According to an exclusive report from Deadline, during last night’s Board of Governors meeting of the Academy of Motion Pictures Arts and Sciences, members discussed the prospect of moving the Oscars telecast from its traditional February/March perch to sometime in January. The reasoning: It would cut down on the months-long slog of Oscar campaigning, help the Oscars reclaim its role as “the definitive awards show” from the Golden Globes et al., and potentially force studios to rethink how they distribute their awards-bait films, as opposed to dumping them in the early winter months.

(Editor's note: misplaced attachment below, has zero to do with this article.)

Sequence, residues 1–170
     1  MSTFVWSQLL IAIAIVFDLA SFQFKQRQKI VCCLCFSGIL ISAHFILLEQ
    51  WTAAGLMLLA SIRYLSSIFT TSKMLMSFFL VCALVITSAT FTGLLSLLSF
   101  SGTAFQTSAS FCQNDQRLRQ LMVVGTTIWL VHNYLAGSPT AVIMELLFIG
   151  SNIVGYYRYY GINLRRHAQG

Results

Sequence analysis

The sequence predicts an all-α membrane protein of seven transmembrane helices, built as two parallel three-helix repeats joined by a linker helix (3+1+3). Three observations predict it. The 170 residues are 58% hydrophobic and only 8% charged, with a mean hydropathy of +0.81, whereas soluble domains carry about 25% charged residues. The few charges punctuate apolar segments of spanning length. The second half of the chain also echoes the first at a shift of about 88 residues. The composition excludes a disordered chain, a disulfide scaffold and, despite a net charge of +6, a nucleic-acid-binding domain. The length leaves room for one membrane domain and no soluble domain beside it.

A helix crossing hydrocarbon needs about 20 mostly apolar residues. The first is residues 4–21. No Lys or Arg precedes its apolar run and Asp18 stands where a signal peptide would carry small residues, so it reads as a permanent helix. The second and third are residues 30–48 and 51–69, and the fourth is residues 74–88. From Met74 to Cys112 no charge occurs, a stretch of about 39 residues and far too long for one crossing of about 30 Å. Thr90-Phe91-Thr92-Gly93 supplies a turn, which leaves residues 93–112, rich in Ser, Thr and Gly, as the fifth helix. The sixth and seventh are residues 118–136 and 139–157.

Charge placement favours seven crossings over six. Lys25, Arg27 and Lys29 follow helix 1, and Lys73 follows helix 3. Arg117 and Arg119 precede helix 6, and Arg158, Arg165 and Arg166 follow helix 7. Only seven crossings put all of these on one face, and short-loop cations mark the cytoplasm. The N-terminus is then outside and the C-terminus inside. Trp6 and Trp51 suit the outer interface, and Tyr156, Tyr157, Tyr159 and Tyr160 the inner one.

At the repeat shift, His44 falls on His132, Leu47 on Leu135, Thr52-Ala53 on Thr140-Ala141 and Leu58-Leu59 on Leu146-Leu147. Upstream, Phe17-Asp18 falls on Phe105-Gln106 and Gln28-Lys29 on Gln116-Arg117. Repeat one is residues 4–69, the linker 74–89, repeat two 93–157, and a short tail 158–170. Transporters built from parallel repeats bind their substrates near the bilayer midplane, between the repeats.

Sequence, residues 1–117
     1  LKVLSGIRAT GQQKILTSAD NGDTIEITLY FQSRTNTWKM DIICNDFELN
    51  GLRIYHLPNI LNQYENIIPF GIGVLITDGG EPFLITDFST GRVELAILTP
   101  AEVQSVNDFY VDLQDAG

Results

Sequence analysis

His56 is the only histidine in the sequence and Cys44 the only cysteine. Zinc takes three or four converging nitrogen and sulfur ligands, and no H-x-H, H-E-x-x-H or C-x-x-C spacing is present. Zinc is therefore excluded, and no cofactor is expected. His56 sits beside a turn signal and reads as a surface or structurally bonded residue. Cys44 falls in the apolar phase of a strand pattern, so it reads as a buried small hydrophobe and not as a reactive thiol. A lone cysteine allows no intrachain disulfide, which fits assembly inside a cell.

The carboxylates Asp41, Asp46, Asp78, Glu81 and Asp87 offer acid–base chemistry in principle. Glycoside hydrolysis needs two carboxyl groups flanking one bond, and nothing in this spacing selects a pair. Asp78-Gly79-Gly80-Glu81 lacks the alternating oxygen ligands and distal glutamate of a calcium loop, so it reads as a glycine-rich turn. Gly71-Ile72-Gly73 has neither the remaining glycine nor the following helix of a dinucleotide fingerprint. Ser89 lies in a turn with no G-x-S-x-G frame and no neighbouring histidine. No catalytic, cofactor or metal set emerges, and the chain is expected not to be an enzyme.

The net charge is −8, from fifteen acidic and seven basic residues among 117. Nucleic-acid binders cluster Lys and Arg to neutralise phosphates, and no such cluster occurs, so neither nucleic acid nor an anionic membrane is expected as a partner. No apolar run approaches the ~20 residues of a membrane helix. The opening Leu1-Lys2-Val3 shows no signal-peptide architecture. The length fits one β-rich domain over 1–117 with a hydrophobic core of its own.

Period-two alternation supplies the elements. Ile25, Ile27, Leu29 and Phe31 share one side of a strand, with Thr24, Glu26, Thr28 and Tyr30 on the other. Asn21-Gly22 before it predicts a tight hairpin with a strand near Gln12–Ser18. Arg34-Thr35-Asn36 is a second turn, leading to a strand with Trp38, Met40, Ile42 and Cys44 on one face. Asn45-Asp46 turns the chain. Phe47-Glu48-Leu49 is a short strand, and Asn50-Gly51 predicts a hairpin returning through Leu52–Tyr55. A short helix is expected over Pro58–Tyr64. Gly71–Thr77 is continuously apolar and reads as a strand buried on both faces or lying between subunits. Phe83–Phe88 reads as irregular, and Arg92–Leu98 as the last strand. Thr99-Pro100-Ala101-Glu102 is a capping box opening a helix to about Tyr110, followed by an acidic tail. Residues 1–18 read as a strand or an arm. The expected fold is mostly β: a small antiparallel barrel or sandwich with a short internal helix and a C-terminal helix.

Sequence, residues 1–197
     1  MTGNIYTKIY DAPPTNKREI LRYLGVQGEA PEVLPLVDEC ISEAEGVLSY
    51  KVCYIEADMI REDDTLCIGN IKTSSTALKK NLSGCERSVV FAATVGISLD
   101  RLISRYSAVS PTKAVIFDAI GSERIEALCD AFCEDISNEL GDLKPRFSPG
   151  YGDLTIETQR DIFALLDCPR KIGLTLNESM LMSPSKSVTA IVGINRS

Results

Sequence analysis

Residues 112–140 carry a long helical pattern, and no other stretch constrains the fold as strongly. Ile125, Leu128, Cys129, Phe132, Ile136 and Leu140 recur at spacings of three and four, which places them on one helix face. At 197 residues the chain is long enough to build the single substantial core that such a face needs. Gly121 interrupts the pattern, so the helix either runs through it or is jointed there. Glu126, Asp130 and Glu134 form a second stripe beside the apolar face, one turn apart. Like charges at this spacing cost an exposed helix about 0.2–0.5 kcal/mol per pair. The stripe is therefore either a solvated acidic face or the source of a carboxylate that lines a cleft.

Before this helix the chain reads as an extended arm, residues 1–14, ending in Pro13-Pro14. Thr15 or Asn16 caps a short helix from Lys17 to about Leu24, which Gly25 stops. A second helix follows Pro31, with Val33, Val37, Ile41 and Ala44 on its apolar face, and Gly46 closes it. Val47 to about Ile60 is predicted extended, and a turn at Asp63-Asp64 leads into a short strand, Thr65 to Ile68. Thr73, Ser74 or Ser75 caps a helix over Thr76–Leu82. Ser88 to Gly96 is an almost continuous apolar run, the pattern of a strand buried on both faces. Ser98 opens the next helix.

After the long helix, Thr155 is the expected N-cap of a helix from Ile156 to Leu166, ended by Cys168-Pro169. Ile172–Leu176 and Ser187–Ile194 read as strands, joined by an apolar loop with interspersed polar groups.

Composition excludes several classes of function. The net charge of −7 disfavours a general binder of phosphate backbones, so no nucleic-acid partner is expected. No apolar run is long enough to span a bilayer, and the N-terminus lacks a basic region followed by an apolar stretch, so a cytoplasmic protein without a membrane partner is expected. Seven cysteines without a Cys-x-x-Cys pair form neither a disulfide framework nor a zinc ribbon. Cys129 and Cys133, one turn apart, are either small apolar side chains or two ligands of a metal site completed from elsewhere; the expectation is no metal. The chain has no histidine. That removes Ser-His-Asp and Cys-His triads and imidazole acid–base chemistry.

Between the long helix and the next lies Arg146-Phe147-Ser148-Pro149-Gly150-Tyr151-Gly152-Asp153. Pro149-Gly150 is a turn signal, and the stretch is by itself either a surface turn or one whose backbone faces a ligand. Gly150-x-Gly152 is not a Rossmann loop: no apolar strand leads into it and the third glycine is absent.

Deadline sister site Movieline has a rundown of many of the pros and cons of moving the ceremony that’s worth reading; suffice to say that the most convincing argument against it is that the Academy is, according to one of Deadline’s sources, apparently comprised of a bunch of bumbling “old people who don’t do electronic mail,” which makes coordinating votes within that extremely limited end-of-year window impossible. And if the decision is made to move up the 2011 telecast—as the recent, unusually swift move to confirm the show’s producers and host would indicate—then it’s too late for studios to adjust their release dates and campaigning accordingly. However, if this means two fewer months of “For Your Consideration” shilling, and the potential that the January through October box office won’t necessarily be a nine-layer burrito of crap anymore, there’s definitely a plus side.
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